William Betts's ten paintings at Peter Miller were made by machine using pixel-high slices he chose from his digital photographs. In most cases he began with images of nature. "I'm attracted to gardens--to the formality of their intersection between man and nature," he says. Threshold and Bird's Eye View were made from photos of the same irrigated field in France "taken at different times of day so you have different kinds of light." Myth of Insight comes from a shot of a Japanese maple in autumn. End of Certainty comes from "this grove of beautiful cherry trees blossoming in the spring in Copenhagen, a wonderful combination of budding green and little pink flowers and eggshell blue sky." Viewed from different positions, the paintings change: lines visible up close sometimes blend, pointillism style, from afar.
Betts first remembers looking carefully at things at age six or seven. As a boy living in New York City he drew cutaways of submarines, trying to understand how they worked. His architect father, who designed modernist homes, had blueprints and models in their house and also collected art: Calder, Kline, Tinguely, Albers. Betts's mom was a photographer, and he began taking photos at ten. By his early teens he was "interested in surfaces and was photographing lawns, walls, fences, sides of buildings." He also did some subway graffiti, and on a trip to the Bahamas one summer made drawings of palm trees--and sold them there.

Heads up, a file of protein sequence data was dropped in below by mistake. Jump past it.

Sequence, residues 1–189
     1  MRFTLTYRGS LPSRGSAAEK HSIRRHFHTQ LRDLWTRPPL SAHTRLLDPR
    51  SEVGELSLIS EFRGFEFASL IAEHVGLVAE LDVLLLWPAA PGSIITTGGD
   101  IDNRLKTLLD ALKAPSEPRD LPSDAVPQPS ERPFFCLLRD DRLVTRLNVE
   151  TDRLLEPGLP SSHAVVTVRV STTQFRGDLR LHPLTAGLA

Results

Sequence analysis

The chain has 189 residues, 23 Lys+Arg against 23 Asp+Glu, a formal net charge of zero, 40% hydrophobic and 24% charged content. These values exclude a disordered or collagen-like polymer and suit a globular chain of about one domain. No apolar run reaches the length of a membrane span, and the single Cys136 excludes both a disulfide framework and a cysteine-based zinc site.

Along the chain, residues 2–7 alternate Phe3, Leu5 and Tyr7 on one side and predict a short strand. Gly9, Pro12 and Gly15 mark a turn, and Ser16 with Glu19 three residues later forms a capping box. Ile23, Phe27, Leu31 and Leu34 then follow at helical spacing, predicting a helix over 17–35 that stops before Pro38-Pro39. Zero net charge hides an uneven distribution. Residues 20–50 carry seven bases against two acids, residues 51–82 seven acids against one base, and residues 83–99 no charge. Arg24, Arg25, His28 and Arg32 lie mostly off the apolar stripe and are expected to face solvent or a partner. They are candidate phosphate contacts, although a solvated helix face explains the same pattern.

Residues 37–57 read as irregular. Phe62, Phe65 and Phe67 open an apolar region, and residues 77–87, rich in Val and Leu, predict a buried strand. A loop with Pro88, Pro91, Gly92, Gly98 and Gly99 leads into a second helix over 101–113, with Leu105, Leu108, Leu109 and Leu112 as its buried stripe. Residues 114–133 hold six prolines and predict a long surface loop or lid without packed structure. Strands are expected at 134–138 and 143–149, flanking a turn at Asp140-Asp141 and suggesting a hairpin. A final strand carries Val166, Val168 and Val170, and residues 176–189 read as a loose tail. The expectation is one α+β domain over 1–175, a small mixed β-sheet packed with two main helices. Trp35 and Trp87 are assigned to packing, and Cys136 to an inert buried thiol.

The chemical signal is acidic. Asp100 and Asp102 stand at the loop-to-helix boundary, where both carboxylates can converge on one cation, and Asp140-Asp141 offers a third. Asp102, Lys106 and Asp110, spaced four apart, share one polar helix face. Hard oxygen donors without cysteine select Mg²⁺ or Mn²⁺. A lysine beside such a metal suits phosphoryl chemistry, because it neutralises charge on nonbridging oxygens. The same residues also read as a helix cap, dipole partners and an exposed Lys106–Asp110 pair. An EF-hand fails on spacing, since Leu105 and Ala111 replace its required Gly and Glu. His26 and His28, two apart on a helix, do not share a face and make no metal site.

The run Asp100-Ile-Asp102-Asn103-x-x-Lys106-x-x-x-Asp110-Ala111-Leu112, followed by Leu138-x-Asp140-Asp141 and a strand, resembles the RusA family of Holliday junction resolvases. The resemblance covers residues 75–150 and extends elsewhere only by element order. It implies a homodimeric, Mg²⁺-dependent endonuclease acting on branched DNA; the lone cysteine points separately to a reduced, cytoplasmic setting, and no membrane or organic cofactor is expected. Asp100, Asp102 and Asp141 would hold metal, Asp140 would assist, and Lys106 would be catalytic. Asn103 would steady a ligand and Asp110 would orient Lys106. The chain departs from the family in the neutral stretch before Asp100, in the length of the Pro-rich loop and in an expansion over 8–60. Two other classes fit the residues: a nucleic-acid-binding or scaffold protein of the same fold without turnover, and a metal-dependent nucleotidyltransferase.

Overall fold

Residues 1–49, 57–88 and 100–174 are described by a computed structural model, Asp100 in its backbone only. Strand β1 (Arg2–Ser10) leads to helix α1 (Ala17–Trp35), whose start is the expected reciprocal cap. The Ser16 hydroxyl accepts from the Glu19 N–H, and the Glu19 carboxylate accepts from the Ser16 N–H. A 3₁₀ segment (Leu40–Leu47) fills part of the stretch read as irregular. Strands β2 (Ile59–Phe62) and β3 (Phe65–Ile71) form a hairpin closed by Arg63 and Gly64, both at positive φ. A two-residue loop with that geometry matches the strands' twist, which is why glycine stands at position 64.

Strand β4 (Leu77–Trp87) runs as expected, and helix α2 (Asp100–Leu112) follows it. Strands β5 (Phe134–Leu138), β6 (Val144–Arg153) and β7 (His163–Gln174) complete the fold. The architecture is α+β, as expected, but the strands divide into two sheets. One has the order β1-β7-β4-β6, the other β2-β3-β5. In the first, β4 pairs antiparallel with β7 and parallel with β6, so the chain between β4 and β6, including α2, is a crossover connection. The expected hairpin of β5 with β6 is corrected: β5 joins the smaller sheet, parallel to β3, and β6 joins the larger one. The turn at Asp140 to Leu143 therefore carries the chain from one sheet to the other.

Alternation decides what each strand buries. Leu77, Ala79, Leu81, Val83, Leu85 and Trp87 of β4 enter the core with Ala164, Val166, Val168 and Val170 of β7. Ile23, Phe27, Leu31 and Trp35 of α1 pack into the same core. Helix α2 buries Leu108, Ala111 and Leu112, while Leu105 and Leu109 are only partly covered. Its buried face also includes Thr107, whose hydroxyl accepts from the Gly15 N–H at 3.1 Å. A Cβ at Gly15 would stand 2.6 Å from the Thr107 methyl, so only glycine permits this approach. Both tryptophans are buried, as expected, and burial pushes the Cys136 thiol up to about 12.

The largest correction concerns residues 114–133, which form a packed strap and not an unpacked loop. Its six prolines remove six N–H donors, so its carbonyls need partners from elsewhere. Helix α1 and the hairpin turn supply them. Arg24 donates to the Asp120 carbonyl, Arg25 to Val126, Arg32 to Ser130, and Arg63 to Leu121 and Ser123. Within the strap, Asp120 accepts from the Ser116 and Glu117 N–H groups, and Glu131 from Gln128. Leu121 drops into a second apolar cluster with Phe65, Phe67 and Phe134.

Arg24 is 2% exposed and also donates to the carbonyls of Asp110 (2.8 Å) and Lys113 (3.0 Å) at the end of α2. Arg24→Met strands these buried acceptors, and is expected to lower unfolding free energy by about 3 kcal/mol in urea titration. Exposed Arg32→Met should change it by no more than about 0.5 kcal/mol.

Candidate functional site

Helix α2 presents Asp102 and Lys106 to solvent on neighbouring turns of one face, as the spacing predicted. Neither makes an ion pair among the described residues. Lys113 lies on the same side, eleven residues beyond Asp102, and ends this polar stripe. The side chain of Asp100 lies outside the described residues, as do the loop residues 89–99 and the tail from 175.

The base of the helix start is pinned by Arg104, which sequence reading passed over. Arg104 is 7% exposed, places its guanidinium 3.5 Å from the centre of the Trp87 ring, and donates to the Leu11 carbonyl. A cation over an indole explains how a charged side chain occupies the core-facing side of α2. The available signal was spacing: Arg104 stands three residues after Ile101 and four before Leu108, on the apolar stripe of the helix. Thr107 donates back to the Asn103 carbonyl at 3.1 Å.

Having dropped out of Hampshire College after one semester, Betts started frequenting Studio 54 during the club's heyday. "Here was this incredible amplified visual and auditory sensation. There was always something to look at, somebody's costume, a creative energy, a sexual energy." After several years in Manhattan he moved to Arizona and started a small company marketing natural gas. He was also painting abstractions at the time but felt that if he was going to continue painting he needed to "develop a point of view." He returned to college, graduating from Arizona State in 1991 with an art degree, but found that the paintings he'd been making based on aerial landscape photos failed to interest galleries in Scottsdale. Though he continued to paint for several years, he took a series of technology jobs in Houston and eventually got too busy.
Then in 2001, Betts's job began to require travel throughout Europe. "The U.S. has become a fairly homogenized place," he says. "I'll see many of the same things on a street corner in Houston that I'll see in Chicago. When I spent a Friday in Milan and then the weekend in Provence, the things that I would see would be very different. I started taking tons of digital photos--fields, gardens, people shopping. I viewed this as gathering visual data. I think I was already making the decision to become an artist again." He started playing with the images on his computer: he cut a pixel-high slice from one photo and "extruded" it, turning each pixel into a vertical line. Its mix of regularity and irregularity seemed to reflect both the digital and natural worlds.
But the images remained in his computer until 2002, when the company Betts was working for was sold and he returned to Houston to make art. Tackling the problem of translating his extruded images to paint, he designed and built a computer-controlled machine that applies paint with miniature rollers, permitting lines as thin as 1/100th of an inch. Once he had a body of work that satisfied him, he started looking for galleries to represent him. Having worked in sales, he knew that "you have to make cold calls. Some artists say, 'I can't deal with rejection.' But I know it's a numbers game. Being rejected is positive, because if ten people reject me I'm closer to acceptance." He approached more than 100 New York galleries over eight months before finding one, and he now has galleries in eight cities.
When: Through Sat 3/11
Where: Peter Miller, 118 N. Peoria